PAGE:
Saturday, August 08, 2009

Awake in the Heartland

I was sitting in the barber's chair reading TIME Magazine yesterday when I read this column from one of my film reviewer heroes, Richard Corliss, and for the first time felt compelled to write a Letter to the Editor.

Mr. Corliss,

I am a longtime fan of your work but take issue with your portrayal of Netflix in your recent article.

It is too easy to draw a parallel between the rise of Netflix and the fall of the local video store such as the one you mentioned in Manhattan. However that theory is contingent on the fact that you ever had that option to begin with.

I live in a town with the unlikely name of Farmland, Indiana, in which the closest video store is a Redbox at a McDonald's in a town ten minutes away and the closest Blockbuster is in the nearest city thirty minutes the other direction. There is also where you can find the closest movie theater (that you can't drive your car right up to the screen). I am fortunate to live on a road where the cable service runs past, connecting two towns, but many of my neighbors rely on spotty dish reception or digital rabbit ears.

Netflix is a godsend to me, a person who graduated with a film major in college (reading Film Comment voraciously at the college library), works peripherally in movies and film festivals, and yet lives in several square miles of cornfield. I am also a voracious reader and probably get a second strike for loving Amazon and my new Kindle. The proximity of a hip bookstore to my home does not bear discussion.

Those of us who live in the vast Flyover Country between our two coasts have learned to live without the instant gratification our metropolitan brethren yearn for but do still smart at those who take our cultural lifelines to task.


kingseyeland said...

Apparently this critic isn't high enough on the "Watch Instantly" feature on Netflix to bother mentioning that, or perhaps he's ignoring that because it undermines his key argument. For about a hundred bucks, you can get the Netflix player and watch whatever from their growing list of Instant choices.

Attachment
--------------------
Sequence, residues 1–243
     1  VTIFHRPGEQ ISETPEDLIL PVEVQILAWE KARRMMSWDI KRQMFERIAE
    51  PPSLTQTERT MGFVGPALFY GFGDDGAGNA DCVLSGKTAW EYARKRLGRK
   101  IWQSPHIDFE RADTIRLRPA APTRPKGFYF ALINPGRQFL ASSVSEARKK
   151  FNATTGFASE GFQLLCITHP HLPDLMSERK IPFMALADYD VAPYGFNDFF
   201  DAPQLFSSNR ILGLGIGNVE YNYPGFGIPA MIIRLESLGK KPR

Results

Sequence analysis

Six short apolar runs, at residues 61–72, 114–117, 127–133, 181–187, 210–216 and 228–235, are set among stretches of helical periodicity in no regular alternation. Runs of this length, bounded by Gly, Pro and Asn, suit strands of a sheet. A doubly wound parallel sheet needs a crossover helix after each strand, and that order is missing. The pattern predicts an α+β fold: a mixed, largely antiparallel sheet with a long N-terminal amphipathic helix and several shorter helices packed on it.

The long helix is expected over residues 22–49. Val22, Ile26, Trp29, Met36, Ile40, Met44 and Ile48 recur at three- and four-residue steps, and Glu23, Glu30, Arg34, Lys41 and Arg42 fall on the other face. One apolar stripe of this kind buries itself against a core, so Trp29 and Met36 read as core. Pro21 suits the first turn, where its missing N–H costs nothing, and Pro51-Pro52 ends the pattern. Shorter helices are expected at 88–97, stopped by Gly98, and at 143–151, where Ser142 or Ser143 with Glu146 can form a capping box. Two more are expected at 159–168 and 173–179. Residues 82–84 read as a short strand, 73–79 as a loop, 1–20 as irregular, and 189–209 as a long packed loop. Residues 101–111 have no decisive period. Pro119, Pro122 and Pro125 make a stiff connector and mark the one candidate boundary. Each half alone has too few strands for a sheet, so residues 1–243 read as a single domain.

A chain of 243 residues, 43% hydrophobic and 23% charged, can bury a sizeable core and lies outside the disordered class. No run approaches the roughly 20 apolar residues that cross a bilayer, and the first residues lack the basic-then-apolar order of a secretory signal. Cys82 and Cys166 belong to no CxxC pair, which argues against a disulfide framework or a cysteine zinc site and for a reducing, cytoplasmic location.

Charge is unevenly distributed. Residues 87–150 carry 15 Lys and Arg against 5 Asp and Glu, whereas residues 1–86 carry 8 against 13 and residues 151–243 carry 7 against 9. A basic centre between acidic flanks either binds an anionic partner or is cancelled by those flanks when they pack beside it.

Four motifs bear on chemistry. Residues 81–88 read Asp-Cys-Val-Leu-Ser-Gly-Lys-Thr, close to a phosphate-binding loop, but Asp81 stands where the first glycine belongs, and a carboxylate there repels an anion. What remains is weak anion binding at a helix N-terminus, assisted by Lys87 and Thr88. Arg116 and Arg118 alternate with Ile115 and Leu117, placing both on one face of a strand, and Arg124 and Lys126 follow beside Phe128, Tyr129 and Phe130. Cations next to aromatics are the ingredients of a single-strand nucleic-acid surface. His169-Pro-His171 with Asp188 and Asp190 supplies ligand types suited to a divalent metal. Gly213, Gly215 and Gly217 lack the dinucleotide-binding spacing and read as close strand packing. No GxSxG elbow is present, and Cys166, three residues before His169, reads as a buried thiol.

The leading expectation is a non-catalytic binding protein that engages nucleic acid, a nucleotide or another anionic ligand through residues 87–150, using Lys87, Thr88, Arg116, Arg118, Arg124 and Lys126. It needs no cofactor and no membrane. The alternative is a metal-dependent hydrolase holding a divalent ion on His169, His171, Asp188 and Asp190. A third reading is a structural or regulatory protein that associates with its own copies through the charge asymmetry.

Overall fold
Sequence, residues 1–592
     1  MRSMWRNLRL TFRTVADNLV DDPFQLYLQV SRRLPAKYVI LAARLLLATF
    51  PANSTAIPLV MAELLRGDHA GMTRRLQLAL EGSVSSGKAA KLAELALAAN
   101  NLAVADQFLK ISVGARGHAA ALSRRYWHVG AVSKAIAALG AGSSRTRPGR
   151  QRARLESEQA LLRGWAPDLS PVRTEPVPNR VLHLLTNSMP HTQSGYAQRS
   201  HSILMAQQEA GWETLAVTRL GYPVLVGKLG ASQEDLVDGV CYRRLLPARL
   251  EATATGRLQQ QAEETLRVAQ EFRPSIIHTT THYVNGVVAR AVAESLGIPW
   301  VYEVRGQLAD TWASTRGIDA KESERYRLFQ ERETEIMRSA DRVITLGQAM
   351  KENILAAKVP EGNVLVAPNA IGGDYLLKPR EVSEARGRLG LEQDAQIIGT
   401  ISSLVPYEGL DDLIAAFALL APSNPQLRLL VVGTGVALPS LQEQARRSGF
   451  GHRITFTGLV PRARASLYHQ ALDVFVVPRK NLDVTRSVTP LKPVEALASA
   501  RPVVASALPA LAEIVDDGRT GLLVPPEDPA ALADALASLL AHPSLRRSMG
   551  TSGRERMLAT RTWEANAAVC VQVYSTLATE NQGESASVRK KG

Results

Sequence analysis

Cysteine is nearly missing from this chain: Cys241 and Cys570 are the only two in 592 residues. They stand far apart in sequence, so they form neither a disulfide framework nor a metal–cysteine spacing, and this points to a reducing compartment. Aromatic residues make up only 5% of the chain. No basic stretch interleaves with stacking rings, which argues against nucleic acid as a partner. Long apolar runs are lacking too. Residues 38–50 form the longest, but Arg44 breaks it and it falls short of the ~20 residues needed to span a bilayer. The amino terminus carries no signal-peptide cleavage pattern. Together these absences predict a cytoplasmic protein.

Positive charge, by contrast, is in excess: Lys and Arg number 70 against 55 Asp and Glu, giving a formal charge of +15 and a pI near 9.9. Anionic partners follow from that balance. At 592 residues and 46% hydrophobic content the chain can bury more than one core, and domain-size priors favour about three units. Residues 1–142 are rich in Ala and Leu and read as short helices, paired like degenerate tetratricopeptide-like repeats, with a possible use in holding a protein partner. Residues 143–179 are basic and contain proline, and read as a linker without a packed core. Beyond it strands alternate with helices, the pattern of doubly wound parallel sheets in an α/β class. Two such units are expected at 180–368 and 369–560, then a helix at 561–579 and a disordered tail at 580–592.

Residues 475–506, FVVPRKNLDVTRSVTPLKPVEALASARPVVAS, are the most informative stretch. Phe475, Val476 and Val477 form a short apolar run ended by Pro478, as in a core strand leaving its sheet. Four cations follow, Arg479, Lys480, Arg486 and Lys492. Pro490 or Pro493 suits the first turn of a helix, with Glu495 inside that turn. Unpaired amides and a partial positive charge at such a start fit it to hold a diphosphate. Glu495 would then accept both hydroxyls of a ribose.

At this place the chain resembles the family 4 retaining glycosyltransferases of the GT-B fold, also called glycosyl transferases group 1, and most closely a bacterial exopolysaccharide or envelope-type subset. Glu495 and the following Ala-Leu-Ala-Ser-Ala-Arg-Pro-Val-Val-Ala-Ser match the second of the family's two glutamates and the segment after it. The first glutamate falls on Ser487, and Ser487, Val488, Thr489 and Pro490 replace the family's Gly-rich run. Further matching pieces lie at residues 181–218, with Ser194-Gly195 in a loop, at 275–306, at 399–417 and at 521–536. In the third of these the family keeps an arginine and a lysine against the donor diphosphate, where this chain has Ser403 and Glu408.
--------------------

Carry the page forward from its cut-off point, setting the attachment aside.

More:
The market is showing every indication that we are moving away from physical media and toward intangible digital delivery of home entertainment.

And I never met a video store jockey who didn't act like a condescending douche to people. Screw 'em.

adrienne said...

Hear, hear!

When we lived in your area, there was never a video store that carried many independents or foreign films.

Sure, it's great to own some films, but it's a huge expense to purchase them all for even a first look.

We moved to a different Midwestern metropolitan area, but the community here sticks to major releases. Video stores can't make money off indies and foreign films, so they don't stock them. The public libraries were our last best hopes until Netflix came into being, but their collections often lack b-movies and new release films.

Cable is a problem in the midwest and rural areas. Non-compete agreements between companies result in monopolies that artificially elevate the prices. We actually own set-top antennae and watch broadcast tv.

Our Roku streams great BBC series like the IT crowd into our lives at bargain rates.

With a preschooler in the house, it's nice to know 2 seasons of Blue's Clues are available on demand and there aren't discs to scratch, lose, or store.

Mail delays? Botched orders? We haven't experienced either in 2 years of service. Missing discs can be reported and another is dispatched the following day. Waiting 1 day for a disc to get to Netflix then another day for the new disc to arrive is nothing for people who waited months for their library to acquire the item or a week Amazon to deliver it (after purchase) for free.

Pete Bauer said...

Well said, John. Netflix rocks. And even if it causes the demise of local video stores, that's the price of innovation. Things change. Get over it.

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